Some of us wash our cars, some of us take our cars to a car wash, and most of us get our cars washed by the security or by someone we’ve appointed to do the job. Regardless of where we get it done, understanding these common mistakes can help keep your paint in pristine condition for a long time.
Wrong washing order
The order in which we wash the car doesn’t seem that important at first, but doing it incorrectly can have adverse effects on the paint, plastics, and glasses. For instance, if we start with our doors and end with the roof. We’re taking all the dirt, mud, and grime from the doors to the roof and inadvertently scratching it. Following the right order can go a long way.
#link (right order to the right order section in how to wash your car blog)
Using the Wrong Chemicals
This is something most of us are guilty of getting wrong. We take the dish soap, shampoos we use on our heads, or anything that we can get our hands on that foams up. This may seem innocent enough at first but is damaging to the paint and plastics on the car. It causes premature fading and gives the plastics a washed-out look. If you do end up using human shampoo on cars because they’re cheaper. Make sure to wash it off as soon as possible, letting the shampoo sit for long isn’t good for the paint. Hence, it is a good idea to invest in shampoo that is specifically made for washing the car.
Time of Wash
The time that you wash your car is also very important. It is advisable to do it either early in the morning or late in the evening. Washing your car under the scorching sun makes the soapy surfactants in the shampoo dry fast and leave residue on the surface. The water also dries up fast, leaving watermarks on the surface. Watermarks are often very hard to remove, they require specialized and concentrated chemicals to remove. To avoid this, it is always advised to wash your car when it’s relatively cooler. Washing your car under direct sunlight is a definite no-no.
Not using the right tools
I’ve seen people buy a block of sponge, dip it in soapy water and clean their car. This will definitely cause swirls at best or deep scratches at worst. Sponges are very abrasive, and trap the dirt and drag it on the paint causing damage. The clear coat on the paint is very delicate it needs proper care and use of the right products to maintain it. One way to protect the clear coat is to get a premium coating or a paint protection film on it. You need to use a lambswool or microfiber wash mitt to wash your car.
Using dirty towels
It is very common for people to use the same microfiber they use for the alloys, on the paint. This will bring the dirt front the dirtiest part of the vehicle, the wheels, to the surface. This again will cause swirls and scratches on the surface. It is advisable to keep separate microfiber towels for dedicated surfaces.
#link (separate microfiber towels to microfiber part of how to wash cars)
Not drying the vehicle
Most people let their cars air dry after a wash. Water sitting on the surface dries, leaving behind the salt and other contamination in it. This hardens on the clear coat forming a watermark. Watermarks are very difficult to remove and require the use of specialized chemicals.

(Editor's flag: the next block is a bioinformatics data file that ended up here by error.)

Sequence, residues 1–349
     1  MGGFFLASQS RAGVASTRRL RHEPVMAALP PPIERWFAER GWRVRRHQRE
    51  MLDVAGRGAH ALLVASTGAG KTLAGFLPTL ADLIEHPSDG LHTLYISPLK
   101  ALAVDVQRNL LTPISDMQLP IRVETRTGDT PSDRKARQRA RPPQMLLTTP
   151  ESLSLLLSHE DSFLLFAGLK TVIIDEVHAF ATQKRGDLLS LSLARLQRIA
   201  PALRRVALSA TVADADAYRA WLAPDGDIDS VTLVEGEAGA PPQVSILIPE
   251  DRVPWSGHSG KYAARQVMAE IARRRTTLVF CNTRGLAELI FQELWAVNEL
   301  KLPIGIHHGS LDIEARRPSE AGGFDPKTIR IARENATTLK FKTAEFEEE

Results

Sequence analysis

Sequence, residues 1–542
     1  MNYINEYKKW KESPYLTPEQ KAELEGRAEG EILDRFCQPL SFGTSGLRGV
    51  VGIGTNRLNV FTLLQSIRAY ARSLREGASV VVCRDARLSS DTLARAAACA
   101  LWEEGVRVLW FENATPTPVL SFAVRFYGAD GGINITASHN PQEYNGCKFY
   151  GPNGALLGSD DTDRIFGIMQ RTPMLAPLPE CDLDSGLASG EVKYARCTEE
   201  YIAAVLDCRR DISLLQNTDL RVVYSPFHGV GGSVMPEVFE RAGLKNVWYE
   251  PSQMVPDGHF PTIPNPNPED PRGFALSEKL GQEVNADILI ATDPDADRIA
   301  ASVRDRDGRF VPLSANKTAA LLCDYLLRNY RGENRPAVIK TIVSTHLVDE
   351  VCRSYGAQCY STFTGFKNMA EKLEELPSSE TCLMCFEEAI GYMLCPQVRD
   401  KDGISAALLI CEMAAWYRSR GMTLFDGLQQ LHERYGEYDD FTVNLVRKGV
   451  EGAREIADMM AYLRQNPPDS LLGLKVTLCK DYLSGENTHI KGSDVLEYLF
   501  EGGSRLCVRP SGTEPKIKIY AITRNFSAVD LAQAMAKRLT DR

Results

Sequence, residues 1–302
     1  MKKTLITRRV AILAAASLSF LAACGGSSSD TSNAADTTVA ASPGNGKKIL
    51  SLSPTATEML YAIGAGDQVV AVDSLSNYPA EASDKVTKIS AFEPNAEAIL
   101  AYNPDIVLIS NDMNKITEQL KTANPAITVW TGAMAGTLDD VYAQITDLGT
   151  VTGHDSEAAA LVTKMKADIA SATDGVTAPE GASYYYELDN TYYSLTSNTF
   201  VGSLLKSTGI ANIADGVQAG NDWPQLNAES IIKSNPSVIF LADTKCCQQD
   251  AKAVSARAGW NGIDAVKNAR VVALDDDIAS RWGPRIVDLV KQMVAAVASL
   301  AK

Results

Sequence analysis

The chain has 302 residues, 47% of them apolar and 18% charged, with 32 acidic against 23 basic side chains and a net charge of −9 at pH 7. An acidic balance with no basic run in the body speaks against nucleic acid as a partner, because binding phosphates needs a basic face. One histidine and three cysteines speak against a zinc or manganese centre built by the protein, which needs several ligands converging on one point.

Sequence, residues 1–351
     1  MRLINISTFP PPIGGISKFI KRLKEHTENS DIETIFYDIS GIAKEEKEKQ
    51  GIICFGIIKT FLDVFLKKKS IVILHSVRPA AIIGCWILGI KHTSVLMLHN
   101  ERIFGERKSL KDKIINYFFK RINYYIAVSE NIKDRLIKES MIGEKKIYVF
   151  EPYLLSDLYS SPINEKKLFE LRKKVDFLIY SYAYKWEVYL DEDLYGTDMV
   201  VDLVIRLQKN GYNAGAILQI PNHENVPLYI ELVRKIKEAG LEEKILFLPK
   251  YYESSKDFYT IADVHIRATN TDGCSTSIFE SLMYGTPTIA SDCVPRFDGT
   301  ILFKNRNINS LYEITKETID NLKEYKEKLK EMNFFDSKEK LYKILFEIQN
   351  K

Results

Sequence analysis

Waterspots can form anywhere where there can be water. When washing your car, you are likely to use water. This water flows into small holes and crevices, which are not always accessible. The water on top of body panels can reasonably easy be removed by drying the surface with a quality drying towel. But the difficult or impossible to reach areas can still get water in it, and can still get wet. Which means waterspots can form. Very common places to find waterspots are: behind door hinges, on the underside of a car, under the hood, behind the mirror in the side mirror, inside door panels, suspension parts and the underside of bumpers. Due to the transparency of car windows, waterspots on glass are very easy to spot.
Not drying the vehicle properly
Drying the vehicle the right way is crucial to protect it from water spots and scratches. To prevent scratches when drying a car, you need to minimize the pressure on the cloth and need to do it fast, before the heat does it for you. A Drying Chamois, water-absorbent microfiber towels or an air dryer will come in handy and will help you get the job done safely and efficiently.
Not protecting the finish
If you have gotten your car protected with a paint protection film or a premium coating, you don’t have to worry about this step. Others however need to. If you had wax applied to the car, it is very likely that the wash, washed the wax off and it’s time to apply a new layer of wax on the paint.
An example of a Protected finish with Maxprotect UNCR -Nano Rubber Coating.
Not immediately cleaning off bird poop
Bird poop contains Uric Acid, its pH can range anywhere from 3 to 4.5. This level of acidity can cause severe damage to the paint if left on the surface for too long. The bird poop will eat through the clear coat unless you have some sort of protection on the paint. Check out our blog on how to safely remove bird poop.
Automatic Car Washes
The brushes used by automatic washes are usually not properly maintained and thus, make deep micro scratches on the car’s surface, also called swirl marks. The swirl marks can appear after just one visit, but in time, after repeated washes, the damage builds, eventually resulting in the paint becoming dull and the scratches extremely visible.
Examples of scratches created by the bristles on an automatic car washing bay.
Washing your car needn’t be a daunting task. By following the right steps and avoiding common mistakes you can safely wash your own car. If you don’t have access to a lot of water or want to save water that is wasted on washing a car, you can check out a neat mechanism we’ve come up with to clean your car with ease and minimal effort.